Have you ever wished for a quicker way of getting from city to city than the old-fashioned highway? Faster, simpler travel is a dream for many, and the idea of a supersonic air-cushioned Hyper Loop may be a little beyond our imaginations, but this futuristic invention has recently been unveiled as a potential transport system for California. Who is behind this strange idea, why is it coming to California and what does a “hyper loop” even mean?
What is the Hyper Loop and why is California the lucky recipient?
The basic principle of this concept, if you can call it basic, is to use a transportation tube containing magnets and fans to propel passengers, via capsules, along the network at supersonic speeds. The hope is that this solar-powered system will be able to carry cars and people, who will enjoy an experience that has been likened to a roller coaster. At the moment it sounds like some sort of ridiculous sci-fi creation but it actually aims to provide a safer, more efficient form of travel.
The proposed system is currently designed as a link between Los Angeles and San Francisco, which would apparently take just 30 minutes, and this route has been chosen a much for the distance as its significance. At 380 miles apart, these cities are at the ideal distance from each other for a tube system such as this to be viable and appealing over other forms of travel. The elevated tube would run alongside the existing highway – partly due to land rights issues and possibly to show the drivers what they are missing – and the ticket price is said to be a remarkably cheap $20.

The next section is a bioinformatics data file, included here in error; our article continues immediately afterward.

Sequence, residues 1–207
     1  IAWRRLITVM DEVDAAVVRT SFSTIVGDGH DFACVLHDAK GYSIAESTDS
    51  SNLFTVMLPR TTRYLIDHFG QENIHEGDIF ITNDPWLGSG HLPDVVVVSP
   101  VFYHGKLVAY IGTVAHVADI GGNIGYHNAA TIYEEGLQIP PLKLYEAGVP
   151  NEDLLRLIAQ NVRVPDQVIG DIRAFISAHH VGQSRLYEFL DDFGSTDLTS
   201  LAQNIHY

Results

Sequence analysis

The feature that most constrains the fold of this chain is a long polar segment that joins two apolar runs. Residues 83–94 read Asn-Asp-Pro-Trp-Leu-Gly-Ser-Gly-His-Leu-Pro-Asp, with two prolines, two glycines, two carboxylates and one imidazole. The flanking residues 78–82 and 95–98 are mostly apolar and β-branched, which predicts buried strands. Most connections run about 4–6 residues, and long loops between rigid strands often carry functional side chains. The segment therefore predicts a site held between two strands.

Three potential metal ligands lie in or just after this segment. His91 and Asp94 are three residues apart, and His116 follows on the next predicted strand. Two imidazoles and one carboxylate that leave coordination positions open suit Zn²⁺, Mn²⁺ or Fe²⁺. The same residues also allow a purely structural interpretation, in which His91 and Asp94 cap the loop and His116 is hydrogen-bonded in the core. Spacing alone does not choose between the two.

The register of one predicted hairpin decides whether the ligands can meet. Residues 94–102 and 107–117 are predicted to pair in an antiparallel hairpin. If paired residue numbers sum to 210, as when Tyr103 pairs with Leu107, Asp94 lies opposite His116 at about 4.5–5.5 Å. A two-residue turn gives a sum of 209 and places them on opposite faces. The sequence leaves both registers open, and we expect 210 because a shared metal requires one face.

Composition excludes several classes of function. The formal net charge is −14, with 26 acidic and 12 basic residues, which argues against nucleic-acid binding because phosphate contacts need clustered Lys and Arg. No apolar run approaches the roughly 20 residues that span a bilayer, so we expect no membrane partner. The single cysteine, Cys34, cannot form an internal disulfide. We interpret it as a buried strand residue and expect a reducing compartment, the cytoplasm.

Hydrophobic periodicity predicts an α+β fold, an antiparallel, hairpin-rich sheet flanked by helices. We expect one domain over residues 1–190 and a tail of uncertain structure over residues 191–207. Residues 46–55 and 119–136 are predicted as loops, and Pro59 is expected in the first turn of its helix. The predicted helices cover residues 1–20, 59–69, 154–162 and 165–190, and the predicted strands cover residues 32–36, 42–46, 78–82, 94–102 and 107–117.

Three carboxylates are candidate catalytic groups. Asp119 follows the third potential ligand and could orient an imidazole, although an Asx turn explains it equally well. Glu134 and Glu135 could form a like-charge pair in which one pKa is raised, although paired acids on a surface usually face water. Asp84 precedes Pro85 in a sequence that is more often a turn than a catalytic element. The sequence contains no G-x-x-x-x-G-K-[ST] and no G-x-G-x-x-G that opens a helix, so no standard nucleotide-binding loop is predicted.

Who is the brains behind this Hyper Loop and when can Californian passengers expect their first ride?
The system has been designed by Elon Musk, the founder of PayPal, Tesla and SpaceX, and it appears to be little more than a side project and a hobby where he has been throwing around ideas, concepts and sketches to come up with fantastical alternatives to the high speed train that is being developed. The problem with this unofficial doodling is that there is no real desire to make the loop a reality any time soon; in fact, Musk has even expressed some regret at letting the cat out of the bag so soon because he is currently too focused on his SpaceX work to commit to this extraordinary project. Musk has made a point of saying “if the Hyperloop is ever built”, although a prototype could well be be with us in four years time, and we must not overlook the estimated cost of $6bn.
Will there ever be a Hyper Loop?
These obstacles and other commitments may be a set back for residents keen to travel by tube, but they do not mean that the project would not be brought to reality in the future. For now, it seems that commuters between LA and San Francisco may have to stick to traditional, non-supersonic transport and it may be best to wait until 2017 to see if Musk has finished his prototype and is still interested in building the Hyper Loop.
What do you think? Would this be a mode of transportation that you would take? Please let us know in the comments below.